I hadn’t been around on this planet for long before I realised that life wasn’t always going to be ‘a breeze’. My first (very vivid) memories are of being 3 months old and I can still, very clearly, see the things around me – my mother’s clothes, the wall coverings in my bedroom, as well as smelling the hateful powder that it was insisted be used on me (I have always loathed the smell of Johnson’s Baby Powder ever since), and I well remember experiencing the hunger of a rapidly growing baby, as you would expect – well, I am male after all…!
Not much you can do for yourself as a baby, but the eager, fresh young mind is working and trying to figure things out – and watching the Path of Life stretching off into the distance starts to become real experience, signposted with expectations, desires and challenges. Never forget that a baby is watching, thinking and studying the world – it is taking the first steps on its own Path and needs help and encouragement at every stage. As life unfolds, and the years pile on, then other elements creep in – relationships with parents, siblings, toddler ‘friends’ etc. – the ability to go and find food for yourself from the cupboard (I bet we can all remember the excitement of sneaking in to the kitchen without being spotted and having that extra biscuit or bit of cake when we were only just old enough to be able to reach the kitchen worktops by standing on a chair?) – and then there was the horrendously difficult experience of school……
All, in all, life has its challenges at any and every age – perhaps we will discuss these more in the future – but it is the principle I want us to consider for now.
Life is a journey, an exploration of ourselves, and a challenge at many levels and in many ways. Interestingly (well, it is to me) is how one person’s challenge is sometimes of no consequence to someone else… For me it was (primarily) always my interactions with people that caused my biggest difficulties… I know now it is because of how my brain is ‘wired’ but no-one had any clue back then (1950s, 60s, etc.) so being ‘accepted’ wasn’t something that happened to me very often. Living a life of isolation (from other people’s feelings) drives you to look inside yourself for your own advice and counsel, makes you find and depend on your own innate strengths, and forces you to examine cause and effect in much more detail then people who seem to float through life as though on that first-mentioned ‘breeze’.
But, and here is the crux of what I am trying to say – and I apologise for the side-tracking by baby powder, and cake – each and every person has their OWN sets of problems to deal with – ones that are hard for THEM to handle, even if they may not seem like a problem to you, or even to anyone else you know.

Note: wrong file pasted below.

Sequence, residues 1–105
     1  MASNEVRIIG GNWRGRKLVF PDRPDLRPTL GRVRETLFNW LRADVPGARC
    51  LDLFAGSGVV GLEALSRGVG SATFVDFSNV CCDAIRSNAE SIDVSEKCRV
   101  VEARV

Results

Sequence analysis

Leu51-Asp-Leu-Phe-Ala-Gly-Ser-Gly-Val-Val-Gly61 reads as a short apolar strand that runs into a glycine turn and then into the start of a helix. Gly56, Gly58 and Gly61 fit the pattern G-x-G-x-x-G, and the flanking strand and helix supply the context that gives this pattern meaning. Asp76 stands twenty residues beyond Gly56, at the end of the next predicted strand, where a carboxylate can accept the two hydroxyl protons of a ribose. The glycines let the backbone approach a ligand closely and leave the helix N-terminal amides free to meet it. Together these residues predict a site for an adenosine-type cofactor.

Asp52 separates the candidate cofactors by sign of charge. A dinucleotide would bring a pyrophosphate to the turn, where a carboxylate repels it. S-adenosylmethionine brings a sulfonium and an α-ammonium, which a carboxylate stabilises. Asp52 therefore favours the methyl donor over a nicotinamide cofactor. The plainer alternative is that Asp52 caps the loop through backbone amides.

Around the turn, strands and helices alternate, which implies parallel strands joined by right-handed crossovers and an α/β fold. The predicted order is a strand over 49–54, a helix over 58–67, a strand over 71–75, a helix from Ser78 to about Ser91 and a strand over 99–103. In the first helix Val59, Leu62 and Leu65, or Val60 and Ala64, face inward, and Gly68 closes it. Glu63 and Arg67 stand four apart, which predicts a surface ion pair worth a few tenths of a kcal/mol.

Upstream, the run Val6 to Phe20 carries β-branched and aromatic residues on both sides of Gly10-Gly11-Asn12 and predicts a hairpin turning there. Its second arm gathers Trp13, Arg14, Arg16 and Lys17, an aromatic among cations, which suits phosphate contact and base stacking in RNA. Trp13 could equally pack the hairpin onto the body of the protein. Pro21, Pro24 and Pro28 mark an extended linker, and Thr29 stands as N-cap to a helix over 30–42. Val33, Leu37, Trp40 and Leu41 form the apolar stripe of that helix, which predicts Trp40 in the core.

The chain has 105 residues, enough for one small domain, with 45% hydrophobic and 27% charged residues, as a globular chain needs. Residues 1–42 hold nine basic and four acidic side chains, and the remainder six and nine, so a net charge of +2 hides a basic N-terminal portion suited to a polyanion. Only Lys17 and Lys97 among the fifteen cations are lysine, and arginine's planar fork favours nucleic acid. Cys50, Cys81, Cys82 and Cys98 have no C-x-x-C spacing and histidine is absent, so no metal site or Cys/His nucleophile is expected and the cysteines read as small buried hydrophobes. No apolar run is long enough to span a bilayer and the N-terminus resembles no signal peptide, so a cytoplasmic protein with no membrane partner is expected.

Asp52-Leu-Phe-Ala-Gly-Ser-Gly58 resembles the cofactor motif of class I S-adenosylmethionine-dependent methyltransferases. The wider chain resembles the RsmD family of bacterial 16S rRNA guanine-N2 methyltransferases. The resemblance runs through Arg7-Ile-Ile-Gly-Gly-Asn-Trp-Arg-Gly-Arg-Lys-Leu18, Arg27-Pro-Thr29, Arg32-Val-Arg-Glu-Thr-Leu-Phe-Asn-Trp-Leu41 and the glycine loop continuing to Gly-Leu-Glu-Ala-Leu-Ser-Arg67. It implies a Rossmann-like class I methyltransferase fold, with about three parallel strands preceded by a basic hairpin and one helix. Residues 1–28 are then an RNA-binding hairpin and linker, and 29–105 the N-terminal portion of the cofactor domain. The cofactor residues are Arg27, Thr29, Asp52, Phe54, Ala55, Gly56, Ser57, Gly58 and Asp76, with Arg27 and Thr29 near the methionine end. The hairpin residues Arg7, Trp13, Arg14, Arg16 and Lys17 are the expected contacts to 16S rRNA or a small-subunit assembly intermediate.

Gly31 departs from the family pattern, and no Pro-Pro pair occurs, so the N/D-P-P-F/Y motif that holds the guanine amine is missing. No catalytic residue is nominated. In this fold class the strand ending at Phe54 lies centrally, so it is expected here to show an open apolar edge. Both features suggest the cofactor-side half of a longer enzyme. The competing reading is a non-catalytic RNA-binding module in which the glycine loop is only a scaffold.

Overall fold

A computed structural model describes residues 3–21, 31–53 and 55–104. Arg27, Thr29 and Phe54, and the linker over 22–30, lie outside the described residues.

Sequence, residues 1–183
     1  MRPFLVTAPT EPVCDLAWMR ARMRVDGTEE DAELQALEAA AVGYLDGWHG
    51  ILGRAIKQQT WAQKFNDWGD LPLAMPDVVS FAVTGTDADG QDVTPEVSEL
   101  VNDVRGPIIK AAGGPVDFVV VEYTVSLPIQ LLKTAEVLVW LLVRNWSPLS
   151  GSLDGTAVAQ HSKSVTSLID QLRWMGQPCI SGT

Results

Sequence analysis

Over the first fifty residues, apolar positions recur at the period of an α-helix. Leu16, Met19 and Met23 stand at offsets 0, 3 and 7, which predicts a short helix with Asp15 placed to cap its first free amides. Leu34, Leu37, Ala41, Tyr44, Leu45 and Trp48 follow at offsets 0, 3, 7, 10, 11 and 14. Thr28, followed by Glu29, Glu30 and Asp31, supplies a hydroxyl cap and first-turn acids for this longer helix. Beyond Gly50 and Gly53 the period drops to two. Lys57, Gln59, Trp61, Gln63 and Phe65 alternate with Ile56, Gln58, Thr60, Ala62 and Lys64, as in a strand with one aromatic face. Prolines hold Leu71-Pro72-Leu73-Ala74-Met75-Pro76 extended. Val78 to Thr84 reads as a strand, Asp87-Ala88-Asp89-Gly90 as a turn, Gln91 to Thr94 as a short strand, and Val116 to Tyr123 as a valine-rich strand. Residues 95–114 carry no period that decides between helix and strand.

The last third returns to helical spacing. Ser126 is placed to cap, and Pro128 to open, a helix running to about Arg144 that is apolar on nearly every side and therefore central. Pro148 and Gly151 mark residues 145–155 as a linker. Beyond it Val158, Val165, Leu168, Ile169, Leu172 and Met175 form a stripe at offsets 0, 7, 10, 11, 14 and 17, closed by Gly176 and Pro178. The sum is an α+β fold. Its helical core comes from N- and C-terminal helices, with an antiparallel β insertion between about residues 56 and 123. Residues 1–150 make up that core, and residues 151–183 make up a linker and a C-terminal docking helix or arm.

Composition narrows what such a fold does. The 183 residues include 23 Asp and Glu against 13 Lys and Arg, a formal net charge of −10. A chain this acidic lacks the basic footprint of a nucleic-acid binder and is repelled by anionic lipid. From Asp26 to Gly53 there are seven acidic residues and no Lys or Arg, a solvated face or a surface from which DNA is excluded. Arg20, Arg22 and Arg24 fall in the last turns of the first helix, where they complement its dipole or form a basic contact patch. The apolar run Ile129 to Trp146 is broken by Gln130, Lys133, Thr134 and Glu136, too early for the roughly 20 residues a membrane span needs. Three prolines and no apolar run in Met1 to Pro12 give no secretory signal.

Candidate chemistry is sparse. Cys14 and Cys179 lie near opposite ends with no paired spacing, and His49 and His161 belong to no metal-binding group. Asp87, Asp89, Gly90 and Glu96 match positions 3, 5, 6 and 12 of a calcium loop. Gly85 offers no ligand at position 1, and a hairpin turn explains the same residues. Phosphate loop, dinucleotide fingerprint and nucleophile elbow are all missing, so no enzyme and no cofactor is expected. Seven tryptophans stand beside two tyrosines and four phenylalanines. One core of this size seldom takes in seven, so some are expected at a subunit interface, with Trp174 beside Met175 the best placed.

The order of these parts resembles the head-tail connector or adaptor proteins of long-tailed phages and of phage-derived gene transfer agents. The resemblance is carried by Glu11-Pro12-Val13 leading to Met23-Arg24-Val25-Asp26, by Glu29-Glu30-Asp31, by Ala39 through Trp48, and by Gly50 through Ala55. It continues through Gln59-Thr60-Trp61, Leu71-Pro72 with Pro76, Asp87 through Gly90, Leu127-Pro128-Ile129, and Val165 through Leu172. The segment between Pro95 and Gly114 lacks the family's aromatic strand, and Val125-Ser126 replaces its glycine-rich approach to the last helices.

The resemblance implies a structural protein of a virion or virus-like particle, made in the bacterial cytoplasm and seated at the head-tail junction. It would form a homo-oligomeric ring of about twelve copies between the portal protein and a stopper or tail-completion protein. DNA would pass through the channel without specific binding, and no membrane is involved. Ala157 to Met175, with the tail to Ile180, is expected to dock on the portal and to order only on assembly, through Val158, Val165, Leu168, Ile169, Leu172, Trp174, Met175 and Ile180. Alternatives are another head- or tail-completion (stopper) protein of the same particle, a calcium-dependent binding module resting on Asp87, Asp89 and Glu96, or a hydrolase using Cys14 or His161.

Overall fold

The Path we travel is very much one that is ours individually, and not one belonging to someone else, but we can take great heart and comfort from the fact that it is one we can travel with shed-loads of experience handed down from others ahead of us and alongside us (if we want to learn from them), and it is a journey where we can also help others travel theirs – think of us all on a massive road together in this world – and doing what we can to keep everyone buoyed up and encouraged – sometimes we need more help than we can give out, but other times, when we have perhaps found a way over some specific obstacle, or round some particular problem, and it is then we can help a fellow traveller on their way too. Remember our discussion on Ripples, last time… it’s that sort of positive ripple effect that helps all of us travel better together, as a great group of Humanity, through this life 🙂
Peace, good health, enjoy The Path 🙂
‘Often, as we travel this path that is our life, we are shrouded in doubt, cannot see more than a short distance ahead, and have concerns about where we are heading. Things can seem dark and suffocating, as the smoke of a personal conflict, problem or sadness stings our eyes. There are always trip hazards, ready to cause us to stumble and doubt ourselves. We might sometimes lose all sense of direction completely, and have to stop for a while, to gather our strength, worrying that we do not have the ability to continue.
But consider the traveller on their chosen road (just like any of us) – there are times when mist surrounds them, perhaps a rough surface slows their progress, they may be thirsty, hungry, too hot or too cold, or a throng of other people makes quiet travel impossible for a time. In all things the traveller must have faith in the road continuing to its destination as it should, even when they cannot see it clearly, or it is hard to endure. So too, with our lives. Our path in life may have periods of being uneven, or its direction unclear, but it is still there, still waiting for us, and it is ours personally to travel and experience, no-one else’s. Take strength from the fact that many have walked even more difficult paths, with less strength, and yet have reached their goal with courage, faith and perseverance, finding peace and hope as they enjoy the life they have been given.’
~ Gaius Quinterus